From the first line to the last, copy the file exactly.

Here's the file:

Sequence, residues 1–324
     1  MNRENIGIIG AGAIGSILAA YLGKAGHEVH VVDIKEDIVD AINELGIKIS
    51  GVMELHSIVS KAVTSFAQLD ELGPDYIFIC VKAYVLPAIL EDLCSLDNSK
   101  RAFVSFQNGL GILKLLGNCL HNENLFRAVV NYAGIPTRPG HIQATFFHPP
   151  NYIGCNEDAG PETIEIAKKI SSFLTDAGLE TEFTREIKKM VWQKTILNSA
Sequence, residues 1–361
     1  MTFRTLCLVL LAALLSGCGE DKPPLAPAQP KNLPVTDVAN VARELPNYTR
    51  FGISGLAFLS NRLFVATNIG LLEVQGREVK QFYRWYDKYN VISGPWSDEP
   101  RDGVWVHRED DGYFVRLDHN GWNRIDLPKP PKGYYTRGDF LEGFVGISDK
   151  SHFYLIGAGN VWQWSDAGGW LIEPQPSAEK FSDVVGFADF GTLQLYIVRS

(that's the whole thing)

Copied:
Sequence, residues 1–324
     1  MNRENIGIIG AGAIGSILAA YLGKAGHEVH VVDIKEDIVD AINELGIKIS
    51  GVMELHSIVS KAVTSFAQLD ELGPDYIFIC VKAYVLPAIL EDLCSLDNSK
   101  RAFVSFQNGL GILKLLGNCL HNENLFRAVV NYAGIPTRPG HIQATFFHPP
   151  NYIGCNEDAG PETIEIAKKI SSFLTDAGLE TEFTREIKKM VWQKTILNSA
Sequence, residues 1–361
     1  MTFRTLCLVL LAALLSGCGE DKPPLAPAQP KNLPVTDVAN VARELPNYTR
    51  FGISGLAFLS NRLFVATNIG LLEVQGREVK QFYRWYDKYN VISGPWSDEP
   101  RDGVWVHRED DGYFVRLDHN GWNRIDLPKP PKGYYTRGDF LEGFVGISDK
   151  SHFYLIGAGN VWQWSDAGGW LIEPQPSAEK FSDVVGFADF GTLQLYIVRS